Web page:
The loudest voices clamoring for intervention are those from white people miles away who have arrived late to the action, employing a 20th century white American savior mentality with 21st century savior rhetoric. It was the western media who decided that 300 girls was a large enough number to report to Americans, while trying to foster a connection to the distraught families of Borno State to Americans who can’t locate Nigeria on a map. Not only has the traditional media warped this problem into some soap opera and lucrative opportunity for people trying to get rich off of crisis, but the new news media outlets of Facebook and Twitter have added entirely new dimensions to this situation.
It's sad and frightening how much certain aspects of this saga parallel certain truths of the transatlantic slave trade, as well as antebellum & Jim Crow America, a blatant reminder of historical precedent. Africans are being killed, captured and sold into slavery under the guise of marriage. Those girls were taken to repopulate the ranks of the Boko Haram sect and provide income for their terrorist operations. They were torn from their school in their community and committed into concubinage. Just like past acts of injustice and violence, this terroristic kidnapping deserves worldwide attention, but "Bring Back Our Girls" makes no sense coming from the mouths of disaffected Americans. A white mother in Connecticut or a father from Idaho can say that the Nigerian girls are just like their daughters, but a mother of one of the abducted schoolgirls will boast no connection between her daughter and the daughters of these distant people. Co-opting a hashtag as slogan cannot efface the alterity of these children and it not a social currency that allows them to purchase or access the feelings and troubles of others.
The advent of social media and the unceasing desire to sustain a hyper-connected society has not only usurped traditional media in prominence, it has distorted the message or information that is actually shared. It’s like a sick game of telephone that uses advanced cellular phones, social media apps and message boards. The collective power of these distant and avatar-faced people possess is immeasurable, but apparent when it is strong enough to provoke governments to mobilize and intercede. This type of activist global governance is sometimes necessary, but the priority for the image of the global pressure should be given to Nigerians. Americans participatory empathy in a situation that has little to do with them has prompted participation on a global level. Nigerians are the aggrieved party here, not Americans and not “girls education”. Messaging and political power in this ordeal have shifter from these Americans to the American government and its western allies, none of whom were endowed with the responsibility of policing Nigeria, which only the Nigerian government and its people are sovereign.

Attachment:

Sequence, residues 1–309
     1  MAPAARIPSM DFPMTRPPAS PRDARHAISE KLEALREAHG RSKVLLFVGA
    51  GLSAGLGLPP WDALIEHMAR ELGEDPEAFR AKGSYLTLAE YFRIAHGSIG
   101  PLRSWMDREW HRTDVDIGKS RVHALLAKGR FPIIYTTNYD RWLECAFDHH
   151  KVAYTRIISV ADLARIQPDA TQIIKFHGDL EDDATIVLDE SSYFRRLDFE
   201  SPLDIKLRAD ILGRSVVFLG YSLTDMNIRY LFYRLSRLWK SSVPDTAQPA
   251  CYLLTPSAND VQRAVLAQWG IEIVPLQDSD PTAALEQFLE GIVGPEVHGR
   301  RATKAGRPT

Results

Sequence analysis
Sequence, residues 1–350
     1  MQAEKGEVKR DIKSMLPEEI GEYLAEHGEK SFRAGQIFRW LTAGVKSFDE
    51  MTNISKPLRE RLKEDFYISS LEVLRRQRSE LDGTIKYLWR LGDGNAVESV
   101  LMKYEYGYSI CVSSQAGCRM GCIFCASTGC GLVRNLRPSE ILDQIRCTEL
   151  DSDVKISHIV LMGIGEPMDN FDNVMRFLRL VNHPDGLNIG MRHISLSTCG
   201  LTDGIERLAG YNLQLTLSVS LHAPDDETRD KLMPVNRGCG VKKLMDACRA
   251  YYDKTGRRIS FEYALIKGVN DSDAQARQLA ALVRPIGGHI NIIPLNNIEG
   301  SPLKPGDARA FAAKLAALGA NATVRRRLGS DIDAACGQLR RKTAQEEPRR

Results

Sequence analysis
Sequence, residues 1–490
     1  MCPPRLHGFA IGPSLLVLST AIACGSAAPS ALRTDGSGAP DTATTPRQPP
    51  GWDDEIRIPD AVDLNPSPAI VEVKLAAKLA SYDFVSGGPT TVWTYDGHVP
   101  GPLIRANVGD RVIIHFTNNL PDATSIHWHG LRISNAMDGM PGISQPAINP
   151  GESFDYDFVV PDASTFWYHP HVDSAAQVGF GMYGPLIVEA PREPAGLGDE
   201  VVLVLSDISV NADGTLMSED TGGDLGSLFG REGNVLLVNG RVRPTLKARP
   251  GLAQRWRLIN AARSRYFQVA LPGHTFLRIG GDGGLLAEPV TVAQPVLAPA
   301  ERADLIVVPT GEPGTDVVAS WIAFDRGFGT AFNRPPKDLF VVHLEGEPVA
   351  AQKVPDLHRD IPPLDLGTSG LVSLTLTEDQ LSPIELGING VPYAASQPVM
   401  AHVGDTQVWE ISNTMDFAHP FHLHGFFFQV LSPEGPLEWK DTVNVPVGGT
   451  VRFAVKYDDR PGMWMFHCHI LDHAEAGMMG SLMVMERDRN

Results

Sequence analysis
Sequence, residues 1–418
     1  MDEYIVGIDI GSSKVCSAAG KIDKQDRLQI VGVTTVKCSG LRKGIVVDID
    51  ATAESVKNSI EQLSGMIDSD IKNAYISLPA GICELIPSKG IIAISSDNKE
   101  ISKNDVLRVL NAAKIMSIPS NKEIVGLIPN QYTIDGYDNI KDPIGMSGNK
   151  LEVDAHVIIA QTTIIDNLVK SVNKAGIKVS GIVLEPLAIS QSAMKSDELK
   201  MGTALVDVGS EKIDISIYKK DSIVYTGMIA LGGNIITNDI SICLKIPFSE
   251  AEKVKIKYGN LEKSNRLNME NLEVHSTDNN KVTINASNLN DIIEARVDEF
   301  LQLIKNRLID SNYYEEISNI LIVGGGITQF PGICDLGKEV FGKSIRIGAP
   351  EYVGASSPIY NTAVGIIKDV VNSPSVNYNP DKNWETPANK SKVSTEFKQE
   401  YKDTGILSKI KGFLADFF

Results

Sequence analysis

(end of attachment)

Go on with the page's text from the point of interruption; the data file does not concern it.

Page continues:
The behavior is emotionally invasive, for people to use the emotional distress of others to advance some agenda in which the distressed people share take part. It promotes the idea that the agendas of the interventionist, liberal, Facebook/Twitter activist demographics are larger and more important than the grief of the families of the abducted girls. Advocating for military intervention in the case of abducted girls demonstrates a schoolgirl feminism that is reductive and unconstructive. The abduction is placed in this context of feminism and girls education, but the automatic emotional response to a kidnapping, devoid of intellectualization and importation of grander societal context, is insufficient to warrant global interest. The girls are an opportunity to progress a larger agenda. Their plight has been leveraged to have a “larger conversation" about girls education and feminism, a conversation that has little to do with the girls, their families and kidnapping. I’m not arguing that this tragedy is not a result of social and historical problems, nor am I saying that this should not be part of a larger discussion about terrorism, sovereignty, female education and basic human rights; what I am saying is that we should respect and regard this particular situation for what it truly is, a mass kidnapping, a disregard for human rights, and a crime. We shouldn’t try to foist extra social import onto this situation or problematize this drama beyond the nature of the actual problem. That’s belittling the true problem and declaring that it’s not big or important enough to be a respected without being part of a larger movement, in which that true it will be unrecognized.
I don’t have the solution for a framework of a proper, more responsible response, but there needs to be more consideration for others, even when we feel we have been threatened. Maybe this drama has provided us Americans, us reactionaries, us activists, an opportunity for introspection. How can we inform, provoke and mobilize people to action in defense of a noble cause or participation in a global movement? But before we do that, how can we recognize a movement we should lead and one that we should merely champion? Twitter etiquette should be a part of a larger activist etiquette. Americans can lead that noble and useful movement.